&he1 nomena$ And as 5eleu9e (>99B, A>) sa#s,
commenting on Leibni9, Fa cause is not the reason being
soughtG hereK or at least, the causalit# traced b# &h#s1
ical science is not enouh of a reason$ As 5eleu9e further
eE&lains, Leibni9Os &rinci&le of sufPcient reason Fclaims
that ever#thing that ha&&ens to a thingDcausations
includedDhas a reason$ If an event is called *hat ha&&ens
to a thing, *hether it undergoes the event or ma'es it
ha&&en, it can be said that sufPcient reason is *hat
includes the event as one of its &redicatesG (ibid$)$ 6e
cannot ignore the &h#sical chain of causalit# that is at
*or' in a given eventK but *e do not *ant our
eE&lanation to sto& there$ 6e also Fre,uire to
understand,G as 6hitehead sa#s (cited in Stengers 200?,
A2), the reason behind this chain of causalit#, the
FdecisionG that ma'es of it *hat it is$ 6hitehead *arns
us that such F XdecisionO cannot be construed as a
casual adIunct of an actual entit#$ It constitutes the ver#
meaning of actualit#G (>929:>9;<, AB)$
6hiteheadOs ontological &rinci&le thus ma'es the
same meta&h#sical demand as Leibni9Os &rinci&le of
sufPcient reasonDeEce&t that 6hitehead, once again,
reIects the subIect1&redicate form of thought found in
Leibni9$ +or 6hitehead, events do not Fha&&en toG
things7 rather, events themselves are the onl# things$ An
event is not Fone of Uthe thingOsV &redicates,G but the ver#
thing itself$
6here Leibni9 refers all Pnal causes and
sufPcient reasons to /od, the ground of being and the
architect of a F&reestablished har1 mon#,G 6hitehead
inverts this logic$ In 6hiteheadOs account, /od is the
result of the sufPcient reasons, or Pnal causes, of all Pnite
entities, rather than their ground$ In a *orld of &rocess
rather than &redication, the sufPcient rea1 son for an#
actual occasion is FdecidedG b#, and is entirel# immanent
to, the occasion itself$ Each actual entit# is the architect of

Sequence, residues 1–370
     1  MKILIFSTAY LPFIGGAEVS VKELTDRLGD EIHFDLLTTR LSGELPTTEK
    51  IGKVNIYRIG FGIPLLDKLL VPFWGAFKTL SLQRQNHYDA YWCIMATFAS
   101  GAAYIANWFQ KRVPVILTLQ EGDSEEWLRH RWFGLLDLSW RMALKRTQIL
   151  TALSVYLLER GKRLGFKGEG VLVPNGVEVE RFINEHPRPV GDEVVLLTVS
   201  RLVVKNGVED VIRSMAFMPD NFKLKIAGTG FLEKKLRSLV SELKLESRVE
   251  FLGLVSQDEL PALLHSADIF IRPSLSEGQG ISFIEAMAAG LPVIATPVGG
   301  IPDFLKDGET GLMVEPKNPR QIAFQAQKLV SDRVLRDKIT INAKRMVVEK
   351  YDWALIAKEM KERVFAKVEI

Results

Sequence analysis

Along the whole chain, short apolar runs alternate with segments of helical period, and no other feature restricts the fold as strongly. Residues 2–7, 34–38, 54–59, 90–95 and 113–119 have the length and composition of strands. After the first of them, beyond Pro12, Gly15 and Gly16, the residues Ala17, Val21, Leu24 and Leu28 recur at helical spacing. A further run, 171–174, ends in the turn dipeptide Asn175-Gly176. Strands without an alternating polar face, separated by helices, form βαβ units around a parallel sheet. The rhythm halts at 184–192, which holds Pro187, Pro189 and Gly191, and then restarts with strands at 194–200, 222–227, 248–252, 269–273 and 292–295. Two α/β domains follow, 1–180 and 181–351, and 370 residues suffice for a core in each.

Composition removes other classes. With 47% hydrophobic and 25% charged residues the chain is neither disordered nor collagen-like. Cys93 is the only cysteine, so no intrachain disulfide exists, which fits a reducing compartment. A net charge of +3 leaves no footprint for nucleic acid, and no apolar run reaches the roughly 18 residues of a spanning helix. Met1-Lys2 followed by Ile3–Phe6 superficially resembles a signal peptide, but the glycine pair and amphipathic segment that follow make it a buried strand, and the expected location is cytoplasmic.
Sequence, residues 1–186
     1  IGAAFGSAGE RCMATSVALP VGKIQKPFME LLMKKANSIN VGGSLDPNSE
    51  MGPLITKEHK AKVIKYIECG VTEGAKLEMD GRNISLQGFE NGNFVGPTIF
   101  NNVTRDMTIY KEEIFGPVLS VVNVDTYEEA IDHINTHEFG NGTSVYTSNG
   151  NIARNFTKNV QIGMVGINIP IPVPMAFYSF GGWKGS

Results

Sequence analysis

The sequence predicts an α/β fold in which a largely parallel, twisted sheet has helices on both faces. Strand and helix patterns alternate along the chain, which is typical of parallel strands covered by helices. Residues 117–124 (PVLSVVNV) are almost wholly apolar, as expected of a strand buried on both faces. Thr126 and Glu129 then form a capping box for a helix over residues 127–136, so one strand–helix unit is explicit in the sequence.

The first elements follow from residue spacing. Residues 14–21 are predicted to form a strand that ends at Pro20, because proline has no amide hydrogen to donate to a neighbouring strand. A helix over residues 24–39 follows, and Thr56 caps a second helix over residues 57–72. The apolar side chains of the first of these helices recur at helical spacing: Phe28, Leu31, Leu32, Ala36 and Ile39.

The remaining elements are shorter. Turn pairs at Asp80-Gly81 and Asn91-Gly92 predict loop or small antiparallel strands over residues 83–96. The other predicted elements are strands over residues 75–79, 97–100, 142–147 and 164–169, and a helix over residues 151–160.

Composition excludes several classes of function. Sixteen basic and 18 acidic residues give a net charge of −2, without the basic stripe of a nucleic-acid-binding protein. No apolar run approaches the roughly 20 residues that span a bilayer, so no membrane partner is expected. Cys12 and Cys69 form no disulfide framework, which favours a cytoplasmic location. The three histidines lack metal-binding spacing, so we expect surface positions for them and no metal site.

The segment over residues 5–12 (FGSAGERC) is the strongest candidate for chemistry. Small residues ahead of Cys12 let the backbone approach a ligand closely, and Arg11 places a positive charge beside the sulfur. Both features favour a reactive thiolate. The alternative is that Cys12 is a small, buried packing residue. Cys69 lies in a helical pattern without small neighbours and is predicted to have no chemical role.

its o*n &rivate F&reestab1 lished harmon#G (6hitehead
>929:>9;<, 2;K cf$ 22A)$ In contrast to Leibni9Os /od, *hat
6hitehead calls the Fconse,uent nature of /odG (BA?J$)
onl# *or's e# post facto, gathering these man# little
&rivate harmonies, *ithout eEce&tion, into a grand,
&ublic, and never1com&leted Fconce&tual harmoni9a1 tionG
All this im&lies a ne*, modernist sort of Fharmon#G7
one that does not eEclude dissonances, but encom&asses
them *ithin itself as *ell$ In dealing
7. As I ha&e already noted, the things to hich e&ents happen are not actual entities or
occa, sions, -ut societies and enduring o-1ects* At the same time, these societies and
enduring o-, 1ects are themsel&es composed of nothing more than a set of actual occasions,
together with the historical routes# $Whitehead 34'4:3465, ?<) or routes of inheritance#
$35() that lin; them together*
2A 2?
*ith Fantitheses,G or Fa&&arent self1contradictions,G
6hiteheadOs /od nei1 ther selects among the
alternative &ossibilities in the manner of Leibni9Os
divinit#, nor FsublatesG the o&&ositions into a higher, self1
reMeEive and self1 diJerentiating unit# in the manner of
CegelOs Absolute$ 0ather, 6hiteheadOs /od o&erates Fa
shift of meaning *hich converts the o&&osition into a
contrastG (>929:>9;<, BA<)$
6here Leibni9Os /od selects
Fthe best of all &ossible *orldsG b# eEcluding
incom&ossibilities, 6hiteheadOs /od afPrms, *ithout
&reference or restriction, the Fdiscordant multi&licit# of
actual thingsG (BA9)$ Hr, as 5eleu9e &uts it7 for
6hitehead, in contrast to Leibni9, Fbifurcations,
divergences, incom&ossibilities, and discord belong to
the same motle# *orld$ $ $ $ Even /od desists from being
a Being *ho com&ares *orlds and chooses the richest